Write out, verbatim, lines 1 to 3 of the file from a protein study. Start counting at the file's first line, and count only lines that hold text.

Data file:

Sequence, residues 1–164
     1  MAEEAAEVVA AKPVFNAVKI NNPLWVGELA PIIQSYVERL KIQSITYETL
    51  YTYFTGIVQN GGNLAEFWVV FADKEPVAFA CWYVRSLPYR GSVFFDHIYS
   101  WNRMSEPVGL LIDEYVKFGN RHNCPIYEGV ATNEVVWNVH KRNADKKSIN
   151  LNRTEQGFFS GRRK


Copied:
Sequence, residues 1–164
     1  MAEEAAEVVA AKPVFNAVKI NNPLWVGELA PIIQSYVERL KIQSITYETL
    51  YTYFTGIVQN GGNLAEFWVV FADKEPVAFA CWYVRSLPYR GSVFFDHIYS